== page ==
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In 1983, pioneering scholar Ann Charters oversaw the publication of The Beats: Literary Bohemians in Postwar America, a two-volume collection of entries on more than sixty figures associated with the movement. Released roughly a quarter century after groundbreaking work like Allen Ginsberg’s Howl and Other Poems (1956) and Jack Kerouac’s On the Road (1957), this project staked a claim for the ongoing relevance of the Beats by presenting them not as a small clique of writer-friends, but as a more far-reaching literary movement and cultural phenomenon. In the spirit of such capaciousness, Charters brought Bob Dylan into the Beat fold, and contributing scholar Joseph Wenke argued that the songwriter merited inclusion because he shared Beat “attitudes toward social authority, politics, and drugs, emphasizing the primacy of the self and rejecting institutionally prescribed norms. … the style of Dylan’s most characteristic lyrics unmistakably reveals that Beat poetry was a strong influence on him as he developed into the most provocative and imaginative lyricist of his generation.”1 This two-pronged notion, that Dylan shared both social “attitudes” with the Beats and that his work bears the marks of their formal techniques and thematic preoccupations, has been a starting point for those who have thought about him in a Beat context.2
This chapter explains the origins of the Beat Generation. It recounts the killing of David Kammerer by Lucien Carr, and how this event was fictionalized by Jack Kerouac and William Burroughs in their novel, And the Hippos Were Boiled in Their Tanks.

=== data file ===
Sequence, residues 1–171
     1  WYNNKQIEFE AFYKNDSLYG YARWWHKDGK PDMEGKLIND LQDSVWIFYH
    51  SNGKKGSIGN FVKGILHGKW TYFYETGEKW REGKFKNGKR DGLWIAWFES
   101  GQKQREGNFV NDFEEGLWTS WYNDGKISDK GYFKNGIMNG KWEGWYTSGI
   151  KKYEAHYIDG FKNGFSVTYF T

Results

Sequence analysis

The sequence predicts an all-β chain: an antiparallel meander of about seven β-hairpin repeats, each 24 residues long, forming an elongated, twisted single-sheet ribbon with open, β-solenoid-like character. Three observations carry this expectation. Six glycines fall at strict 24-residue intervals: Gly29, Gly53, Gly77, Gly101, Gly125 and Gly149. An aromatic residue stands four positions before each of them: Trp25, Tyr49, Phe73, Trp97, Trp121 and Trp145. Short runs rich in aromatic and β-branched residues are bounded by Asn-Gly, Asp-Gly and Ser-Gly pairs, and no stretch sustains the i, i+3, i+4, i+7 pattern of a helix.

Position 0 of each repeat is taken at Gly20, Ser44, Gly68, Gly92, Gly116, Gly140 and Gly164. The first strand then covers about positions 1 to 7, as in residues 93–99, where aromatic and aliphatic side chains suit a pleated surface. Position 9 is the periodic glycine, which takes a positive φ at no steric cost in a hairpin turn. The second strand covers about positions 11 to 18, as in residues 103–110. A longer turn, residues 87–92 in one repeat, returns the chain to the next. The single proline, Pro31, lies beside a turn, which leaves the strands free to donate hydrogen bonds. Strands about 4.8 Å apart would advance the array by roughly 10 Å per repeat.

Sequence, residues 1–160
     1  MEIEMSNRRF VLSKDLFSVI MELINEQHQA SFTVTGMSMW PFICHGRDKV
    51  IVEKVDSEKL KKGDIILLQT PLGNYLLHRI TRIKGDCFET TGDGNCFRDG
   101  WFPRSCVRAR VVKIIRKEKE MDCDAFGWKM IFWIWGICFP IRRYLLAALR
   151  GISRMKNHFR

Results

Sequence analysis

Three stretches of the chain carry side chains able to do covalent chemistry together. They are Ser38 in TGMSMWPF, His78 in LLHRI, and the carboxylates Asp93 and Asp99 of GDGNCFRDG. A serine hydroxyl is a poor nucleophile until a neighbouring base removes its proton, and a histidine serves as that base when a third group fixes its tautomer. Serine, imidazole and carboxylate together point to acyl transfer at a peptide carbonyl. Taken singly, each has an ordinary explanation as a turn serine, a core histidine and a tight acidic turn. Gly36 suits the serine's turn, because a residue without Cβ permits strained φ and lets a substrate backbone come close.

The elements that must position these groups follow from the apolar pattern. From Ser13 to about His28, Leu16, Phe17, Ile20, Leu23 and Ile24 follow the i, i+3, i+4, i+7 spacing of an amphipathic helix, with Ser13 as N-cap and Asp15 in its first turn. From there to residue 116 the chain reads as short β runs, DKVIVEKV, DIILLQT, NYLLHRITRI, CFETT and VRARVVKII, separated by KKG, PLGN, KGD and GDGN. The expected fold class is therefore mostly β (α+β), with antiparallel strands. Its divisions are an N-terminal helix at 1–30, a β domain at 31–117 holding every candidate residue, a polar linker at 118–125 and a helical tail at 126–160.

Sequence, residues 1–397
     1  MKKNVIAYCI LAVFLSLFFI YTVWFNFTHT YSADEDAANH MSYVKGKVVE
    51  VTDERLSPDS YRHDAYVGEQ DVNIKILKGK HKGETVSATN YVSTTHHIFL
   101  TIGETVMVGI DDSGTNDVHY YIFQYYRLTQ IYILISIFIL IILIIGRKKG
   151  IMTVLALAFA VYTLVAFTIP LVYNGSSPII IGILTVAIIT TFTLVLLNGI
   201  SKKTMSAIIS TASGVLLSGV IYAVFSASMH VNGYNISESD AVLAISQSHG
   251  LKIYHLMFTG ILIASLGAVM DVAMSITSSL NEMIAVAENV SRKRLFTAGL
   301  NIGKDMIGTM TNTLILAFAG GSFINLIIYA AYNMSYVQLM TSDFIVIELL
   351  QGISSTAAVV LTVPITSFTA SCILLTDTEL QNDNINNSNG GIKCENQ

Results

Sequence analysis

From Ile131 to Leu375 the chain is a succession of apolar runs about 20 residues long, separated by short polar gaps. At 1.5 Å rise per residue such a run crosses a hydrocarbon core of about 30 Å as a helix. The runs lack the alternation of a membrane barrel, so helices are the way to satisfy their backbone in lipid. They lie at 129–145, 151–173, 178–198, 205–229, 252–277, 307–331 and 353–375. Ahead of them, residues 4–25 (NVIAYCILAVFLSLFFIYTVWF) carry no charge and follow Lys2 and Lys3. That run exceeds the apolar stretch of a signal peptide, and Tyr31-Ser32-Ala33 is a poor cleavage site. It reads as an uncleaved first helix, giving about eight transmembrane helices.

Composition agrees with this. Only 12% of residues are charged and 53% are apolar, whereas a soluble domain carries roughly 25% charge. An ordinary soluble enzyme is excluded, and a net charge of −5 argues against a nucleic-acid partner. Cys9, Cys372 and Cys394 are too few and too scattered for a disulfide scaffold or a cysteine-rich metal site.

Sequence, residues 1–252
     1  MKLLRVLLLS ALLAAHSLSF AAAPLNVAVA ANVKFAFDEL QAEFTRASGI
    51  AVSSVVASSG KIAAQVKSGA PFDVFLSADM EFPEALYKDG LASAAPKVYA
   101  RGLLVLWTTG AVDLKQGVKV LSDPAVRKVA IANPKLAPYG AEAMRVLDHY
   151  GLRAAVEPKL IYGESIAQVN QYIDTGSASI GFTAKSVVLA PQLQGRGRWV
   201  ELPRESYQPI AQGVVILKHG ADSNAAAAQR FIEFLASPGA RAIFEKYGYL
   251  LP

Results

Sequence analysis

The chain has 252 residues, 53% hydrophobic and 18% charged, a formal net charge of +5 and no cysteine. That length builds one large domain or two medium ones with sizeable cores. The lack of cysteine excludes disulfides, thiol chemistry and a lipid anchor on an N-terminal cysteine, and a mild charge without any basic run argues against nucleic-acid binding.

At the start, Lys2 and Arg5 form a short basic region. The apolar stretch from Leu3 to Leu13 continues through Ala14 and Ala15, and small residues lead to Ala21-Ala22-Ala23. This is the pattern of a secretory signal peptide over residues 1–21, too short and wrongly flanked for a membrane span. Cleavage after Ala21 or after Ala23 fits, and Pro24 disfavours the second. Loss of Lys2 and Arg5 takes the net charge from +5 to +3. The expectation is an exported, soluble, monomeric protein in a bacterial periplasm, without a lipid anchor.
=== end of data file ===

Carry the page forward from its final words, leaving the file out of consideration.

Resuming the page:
This chapter examines Beat works of the 1960s to explain how they remade language use: Lawrence Ferlinghetti’s novel Her, Gregory Corso’s novel The American Express, Ted Joans’s collage project The Hipsters, and William Burroughs and Brion Gysin’s cut-up collaboration, Minutes to Go.
This chapter looks at the significance of the Vietnam War and its impact on Beat writing. It begins with an analysis of Ginsberg's poem “Wichita Vortex Sutra,” and then looks at the work of Ed Sanders, Tuli Kupferberg, and Bob Dylan, among others.
This chapter focuses on women writers of the Beat movement, focusing in particular on Joyce Johnson and her novel Come and Join the Dance, and the poetry of Elise Cowen, Janine Pommy Vega, Kay Johnson, Barbara Moraff, and Carol Bergé.
This chapter charts the rise of the Beat novel by tracing an arc from Kerouac's first novel, The Town and the City, to Burroughs’s Naked Lunch. The chapter discusses a range of novels, from George Mandel's Flee the Angry Strangers and Chandler Brossard’s Who Walk in Darkness, to Kerouac’s On the Road and Visions of Cody, and Burroughs’s Junky, Queer, and Naked Lunch.
This chapter charts the rise of Beat poetry by looking at the early work of Allen Ginsberg, Gregory Corso, Peter Orlovsky, and Lawrence Ferlinghetti. It then looks at Ginsberg's “Howl” in depth, and then explains the significance of the obscenity trial surrounding “Howl.”
This chapter looks at poets centered in New York City who expanded Beat literature, focusing in particular on Gregory Corso, Diane di Prima, LeRoi Jones, Jack Micheline, the Gaslight Poets, Ray and Bonnie Bremser, Ted Joans, and Tuli Kupferberg.